As Gostin puts it: "You need to go into communities where people have been infected. Isolate all cases. Then do contact tracing so that we know every single person that has been exposed."
That's what ultimately ended other recent disease outbreaks, says Gostin.
And that's what's going to put an end to this one.
ARI SHAPIRO, HOST:
It's too early to declare the outbreak of a new coronavirus in China an international health emergency. That's according to the World Health Organization. The decision was made after an extraordinary two-day meeting by a panel of experts. At a press conference in Geneva, the director-general of the WHO explained that most of the hundreds of people who've been infected so far are in China. But he also had this to say.
(SOUNDBITE OF ARCHIVED RECORDING)
TEDROS ADHANOM GHEBREYESUS: Make no mistake, this is an emergency in China. It has not yet become a global health emergency. It may yet become one.
SHAPIRO: Officials have shut down transportation out of the city of 11 million people where the virus first emerged, Wuhan. NPR's global health correspondent Nurith Aizenman is here in the studio.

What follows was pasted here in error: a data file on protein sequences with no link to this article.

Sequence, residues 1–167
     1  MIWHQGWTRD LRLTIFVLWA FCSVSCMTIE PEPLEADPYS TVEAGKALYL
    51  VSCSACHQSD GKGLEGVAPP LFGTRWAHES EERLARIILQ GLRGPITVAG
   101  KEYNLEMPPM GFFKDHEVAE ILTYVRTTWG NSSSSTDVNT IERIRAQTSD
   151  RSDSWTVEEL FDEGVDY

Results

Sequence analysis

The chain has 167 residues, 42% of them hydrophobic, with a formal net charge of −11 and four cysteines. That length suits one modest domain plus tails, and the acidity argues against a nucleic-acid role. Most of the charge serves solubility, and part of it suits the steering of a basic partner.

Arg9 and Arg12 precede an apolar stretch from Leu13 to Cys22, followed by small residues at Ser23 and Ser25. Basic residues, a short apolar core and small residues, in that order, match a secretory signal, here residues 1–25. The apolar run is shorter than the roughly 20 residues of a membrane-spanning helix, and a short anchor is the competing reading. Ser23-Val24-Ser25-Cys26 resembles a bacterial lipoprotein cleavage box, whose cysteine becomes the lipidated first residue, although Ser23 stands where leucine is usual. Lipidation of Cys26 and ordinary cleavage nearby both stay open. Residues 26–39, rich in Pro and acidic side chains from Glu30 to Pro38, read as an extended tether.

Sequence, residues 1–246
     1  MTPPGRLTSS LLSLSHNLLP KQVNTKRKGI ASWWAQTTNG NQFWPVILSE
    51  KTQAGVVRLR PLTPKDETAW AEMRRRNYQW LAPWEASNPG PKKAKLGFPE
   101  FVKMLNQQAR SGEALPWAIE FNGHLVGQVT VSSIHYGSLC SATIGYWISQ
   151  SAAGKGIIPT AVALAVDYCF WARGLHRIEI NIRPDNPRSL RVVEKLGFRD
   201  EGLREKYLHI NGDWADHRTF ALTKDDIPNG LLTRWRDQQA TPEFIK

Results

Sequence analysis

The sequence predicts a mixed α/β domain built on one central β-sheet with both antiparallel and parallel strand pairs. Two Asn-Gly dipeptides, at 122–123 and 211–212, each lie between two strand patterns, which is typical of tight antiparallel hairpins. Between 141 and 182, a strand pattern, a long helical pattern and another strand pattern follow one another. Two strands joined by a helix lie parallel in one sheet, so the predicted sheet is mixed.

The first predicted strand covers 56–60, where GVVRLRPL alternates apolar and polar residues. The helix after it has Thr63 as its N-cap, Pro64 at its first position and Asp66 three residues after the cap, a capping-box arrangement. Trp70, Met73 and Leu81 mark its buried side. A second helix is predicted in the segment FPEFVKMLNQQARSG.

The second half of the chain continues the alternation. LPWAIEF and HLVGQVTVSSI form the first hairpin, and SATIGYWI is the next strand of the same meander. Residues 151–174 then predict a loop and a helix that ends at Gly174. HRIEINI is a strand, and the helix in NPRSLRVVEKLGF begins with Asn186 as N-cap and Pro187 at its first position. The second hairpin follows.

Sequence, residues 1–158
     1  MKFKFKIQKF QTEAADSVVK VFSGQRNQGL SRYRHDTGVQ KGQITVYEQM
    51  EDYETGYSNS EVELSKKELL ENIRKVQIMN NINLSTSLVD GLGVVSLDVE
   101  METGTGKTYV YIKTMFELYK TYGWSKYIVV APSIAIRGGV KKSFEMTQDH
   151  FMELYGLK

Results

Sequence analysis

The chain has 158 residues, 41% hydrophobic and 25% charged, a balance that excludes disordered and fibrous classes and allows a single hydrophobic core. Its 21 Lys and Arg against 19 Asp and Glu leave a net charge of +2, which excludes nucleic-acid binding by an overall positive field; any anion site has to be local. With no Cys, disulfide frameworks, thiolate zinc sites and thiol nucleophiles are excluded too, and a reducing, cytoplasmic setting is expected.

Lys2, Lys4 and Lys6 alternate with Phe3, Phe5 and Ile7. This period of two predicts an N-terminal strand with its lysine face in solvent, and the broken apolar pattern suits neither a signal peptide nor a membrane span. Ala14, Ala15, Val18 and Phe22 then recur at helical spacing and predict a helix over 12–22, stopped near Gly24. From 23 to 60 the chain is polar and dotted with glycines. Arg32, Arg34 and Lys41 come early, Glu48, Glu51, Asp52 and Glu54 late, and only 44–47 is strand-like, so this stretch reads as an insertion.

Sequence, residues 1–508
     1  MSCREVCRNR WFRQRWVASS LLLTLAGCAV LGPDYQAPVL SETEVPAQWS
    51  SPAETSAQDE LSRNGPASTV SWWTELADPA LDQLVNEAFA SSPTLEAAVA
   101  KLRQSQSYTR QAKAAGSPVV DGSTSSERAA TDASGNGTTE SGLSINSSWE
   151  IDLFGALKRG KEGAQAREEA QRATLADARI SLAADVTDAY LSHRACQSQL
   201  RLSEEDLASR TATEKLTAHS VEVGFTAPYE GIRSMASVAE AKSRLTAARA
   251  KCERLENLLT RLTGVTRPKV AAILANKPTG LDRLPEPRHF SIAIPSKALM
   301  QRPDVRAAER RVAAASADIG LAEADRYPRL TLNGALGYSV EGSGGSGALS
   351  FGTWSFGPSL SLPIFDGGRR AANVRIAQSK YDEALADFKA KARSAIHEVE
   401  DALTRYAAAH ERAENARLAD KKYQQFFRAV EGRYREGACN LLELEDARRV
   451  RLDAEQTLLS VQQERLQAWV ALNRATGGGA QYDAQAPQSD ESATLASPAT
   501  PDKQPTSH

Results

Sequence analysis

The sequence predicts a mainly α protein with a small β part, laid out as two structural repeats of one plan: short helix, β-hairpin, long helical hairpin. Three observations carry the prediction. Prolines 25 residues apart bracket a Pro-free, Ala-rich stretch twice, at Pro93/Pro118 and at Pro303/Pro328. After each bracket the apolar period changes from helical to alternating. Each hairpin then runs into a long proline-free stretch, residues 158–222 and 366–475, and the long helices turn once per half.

NURITH AIZENMAN, BYLINE: Hi, Ari.
SHAPIRO: Tell us more about this transportation shutdown in Wuhan. How is it playing out?
AIZENMAN: Yeah. So this is basically the equivalent of locking down Chicago two days before Thanksgiving. It's hard to overstate how drastic a step this is. I mean, Wuhan is a city of 11 million people. It's the transportation hub of central China.
And Chinese authorities have now suspended subways, buses, trains, flights. And they're doing this at a time when literally tens of millions of people are on the move within China as families gather to celebrate a major holiday there, the Lunar New Year. Also, it's possible we're going to see more of these shutdowns because today they've announced similar restrictions in two other cities.
SHAPIRO: And does the World Health Organization support these moves? I know there's been some criticism.
AIZENMAN: Yeah. A number of public health experts that I've spoken to say this is a terrible idea. It could cause panic, drive people underground, basically backfire. Also, the virus has now spread beyond Wuhan to lots of other cities in China. So it's kind of like closing the barn door after the horse has bolted.